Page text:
Connecticut Governor, Tribes Reach Deal On Sports Betting At Casinos

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Connecticut Governor Ned Lamont (D) announced a deal this morning, paving the way for online gaming and sports betting at two casinos. 

Together with the Mohegan Tribe and Mashantucket Pequot Tribe, we have reached an agreement that will allow for the modernization of gaming options available in Connecticut, including through sports wagering and online gaming,” Lamont tweeted, with links to specifics included in the deal. 

The tribes themselves echoed these sentiments. 

This agreement bolsters the state’s economic development and growth, and allows us to develop a stable economic foundation for the future of our tribal community,” said Rodney Butler, chairman of the Mashantucket Pequot Tribe, which runs Foxwoods Casino. 

The Nitty Gritty

The next step is legislative approval. 

The deal, which had been in the works for months, specifies there will be an 18% tax rate on Connecticut online gambling during the first five years, followed by a 20% tax for the subsequent five years.

There will be a 13.75% tax on sports betting. The state’s lottery commission will have the authority to establish 15 retail sports betting locations throughout the state. The Connecticut Lottery will establish retail betting locations in Hartford and Bridgeport. 

Both tribes have agreed to cease development of a casino in East Windsor, Connecticut. 

“This [deal] will allow Connecticut to generate tax revenues from sports and online gaming that are competitive with other states, to the benefit of both state and local municipal budgets, as well as our tribe’s members,” said James Gessner Jr., chairman of the Mohegan Tribal Council, which operates Mohegan Sun.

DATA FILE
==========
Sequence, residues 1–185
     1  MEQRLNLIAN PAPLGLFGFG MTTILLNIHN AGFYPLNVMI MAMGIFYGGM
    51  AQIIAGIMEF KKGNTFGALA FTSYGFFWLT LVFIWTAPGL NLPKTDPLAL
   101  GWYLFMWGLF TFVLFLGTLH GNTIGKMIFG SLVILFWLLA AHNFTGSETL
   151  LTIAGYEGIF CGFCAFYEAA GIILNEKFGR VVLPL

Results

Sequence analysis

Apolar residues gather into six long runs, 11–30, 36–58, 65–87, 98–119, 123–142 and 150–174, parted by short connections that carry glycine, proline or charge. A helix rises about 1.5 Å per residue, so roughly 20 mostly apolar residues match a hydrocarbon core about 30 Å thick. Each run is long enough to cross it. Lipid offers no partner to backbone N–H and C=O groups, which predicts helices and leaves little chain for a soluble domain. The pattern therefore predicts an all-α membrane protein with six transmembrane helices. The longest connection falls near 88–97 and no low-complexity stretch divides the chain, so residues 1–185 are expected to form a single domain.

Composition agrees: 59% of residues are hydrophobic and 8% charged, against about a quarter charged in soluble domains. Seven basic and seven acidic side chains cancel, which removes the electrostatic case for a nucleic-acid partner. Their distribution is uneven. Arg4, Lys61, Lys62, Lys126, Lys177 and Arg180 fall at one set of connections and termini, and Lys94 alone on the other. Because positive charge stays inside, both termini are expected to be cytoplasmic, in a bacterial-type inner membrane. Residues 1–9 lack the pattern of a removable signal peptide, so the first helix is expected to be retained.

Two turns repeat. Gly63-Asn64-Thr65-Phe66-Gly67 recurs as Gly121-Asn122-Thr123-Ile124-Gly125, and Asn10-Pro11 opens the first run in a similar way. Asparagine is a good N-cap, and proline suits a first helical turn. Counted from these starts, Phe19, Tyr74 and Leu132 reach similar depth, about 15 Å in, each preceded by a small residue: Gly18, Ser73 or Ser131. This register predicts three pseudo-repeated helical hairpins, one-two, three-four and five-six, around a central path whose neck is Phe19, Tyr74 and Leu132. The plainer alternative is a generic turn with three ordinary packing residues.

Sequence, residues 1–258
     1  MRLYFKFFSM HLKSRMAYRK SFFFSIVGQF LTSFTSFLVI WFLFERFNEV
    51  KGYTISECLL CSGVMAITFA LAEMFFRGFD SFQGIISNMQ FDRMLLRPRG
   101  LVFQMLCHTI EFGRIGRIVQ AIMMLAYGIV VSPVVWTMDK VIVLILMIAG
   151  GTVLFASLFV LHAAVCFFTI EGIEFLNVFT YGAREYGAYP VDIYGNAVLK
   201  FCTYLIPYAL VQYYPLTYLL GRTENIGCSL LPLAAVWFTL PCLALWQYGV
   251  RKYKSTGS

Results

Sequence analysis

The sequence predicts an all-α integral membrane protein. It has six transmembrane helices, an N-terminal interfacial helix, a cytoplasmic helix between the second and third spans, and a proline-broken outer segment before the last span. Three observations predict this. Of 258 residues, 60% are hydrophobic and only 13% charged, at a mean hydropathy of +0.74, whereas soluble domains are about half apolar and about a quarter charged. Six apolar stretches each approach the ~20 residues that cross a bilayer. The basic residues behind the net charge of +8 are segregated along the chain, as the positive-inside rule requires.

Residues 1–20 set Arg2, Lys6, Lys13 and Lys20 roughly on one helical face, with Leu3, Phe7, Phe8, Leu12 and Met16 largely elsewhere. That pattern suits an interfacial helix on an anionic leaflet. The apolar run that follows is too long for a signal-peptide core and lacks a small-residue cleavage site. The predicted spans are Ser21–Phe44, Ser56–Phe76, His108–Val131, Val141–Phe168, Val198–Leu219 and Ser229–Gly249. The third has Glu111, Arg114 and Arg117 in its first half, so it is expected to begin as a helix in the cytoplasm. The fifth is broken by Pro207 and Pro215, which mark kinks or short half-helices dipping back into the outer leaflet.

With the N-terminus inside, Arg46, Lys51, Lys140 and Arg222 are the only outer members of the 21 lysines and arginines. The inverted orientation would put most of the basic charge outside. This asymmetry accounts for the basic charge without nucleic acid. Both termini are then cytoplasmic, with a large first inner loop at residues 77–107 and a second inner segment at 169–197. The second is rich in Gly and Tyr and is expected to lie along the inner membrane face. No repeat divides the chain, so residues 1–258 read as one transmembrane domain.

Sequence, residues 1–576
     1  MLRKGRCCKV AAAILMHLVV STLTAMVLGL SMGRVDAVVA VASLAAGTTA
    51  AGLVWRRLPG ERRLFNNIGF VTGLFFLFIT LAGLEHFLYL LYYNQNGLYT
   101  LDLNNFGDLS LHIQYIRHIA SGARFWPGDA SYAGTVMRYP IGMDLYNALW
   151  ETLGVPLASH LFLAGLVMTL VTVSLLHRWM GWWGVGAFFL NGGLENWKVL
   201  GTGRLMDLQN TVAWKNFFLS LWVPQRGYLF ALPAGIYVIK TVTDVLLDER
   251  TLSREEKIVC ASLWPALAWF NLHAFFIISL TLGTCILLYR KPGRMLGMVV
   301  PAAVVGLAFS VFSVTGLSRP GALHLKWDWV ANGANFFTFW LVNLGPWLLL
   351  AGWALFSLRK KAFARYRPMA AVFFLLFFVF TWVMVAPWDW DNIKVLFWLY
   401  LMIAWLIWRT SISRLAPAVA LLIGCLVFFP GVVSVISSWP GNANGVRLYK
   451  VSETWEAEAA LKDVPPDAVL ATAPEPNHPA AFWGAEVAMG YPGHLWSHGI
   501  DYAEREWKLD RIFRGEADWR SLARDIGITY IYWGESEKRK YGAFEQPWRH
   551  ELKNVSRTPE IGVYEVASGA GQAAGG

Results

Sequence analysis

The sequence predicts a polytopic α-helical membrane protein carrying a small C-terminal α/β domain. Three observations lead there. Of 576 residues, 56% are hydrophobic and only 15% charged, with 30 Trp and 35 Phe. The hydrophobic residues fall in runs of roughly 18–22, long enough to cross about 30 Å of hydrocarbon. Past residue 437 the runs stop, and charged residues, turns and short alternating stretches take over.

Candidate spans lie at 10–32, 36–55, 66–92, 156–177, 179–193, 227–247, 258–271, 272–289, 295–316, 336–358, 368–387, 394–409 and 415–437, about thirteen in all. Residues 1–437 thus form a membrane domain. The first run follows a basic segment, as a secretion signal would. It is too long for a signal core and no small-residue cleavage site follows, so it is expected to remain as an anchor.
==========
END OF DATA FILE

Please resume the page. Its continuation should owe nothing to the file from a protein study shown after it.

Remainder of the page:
“We look forward to continued work with the General Assembly on this topic, especially the many dedicated legislators who have partnered with and supported Connecticut’s tribes throughout this process,” he added.

A Deal 4 Years In The Making

The Nutmeg State approved sports betting legislation in 2017. The two tribes, which have been running the casinos for more than 25 years, objected to some of the language feeling they held exclusive rights to online gaming and sports betting.  

Lamont has been working with the tribes ever since to iron out a deal. His budget this year indicated revenue from gaming so proponents took it as a sign things were moving along. 

Connecticut’s General Assembly convened on Jan. 6 and adjourns on June 9.  It is unclear when or what legislation will be enacted in this time frame.

About the Author

Mary M. Shaffrey

Mary Shaffrey is an award-winning journalist who co-authored "The Complete Idiot's Guide to Government." She has spent more than 20 years covering government, both at the state and federal level. As a fan of the Baltimore Orioles and the Providence College Friars she feels cursed. Luckily she is a hockey mom too so her spirits aren't totally shot.

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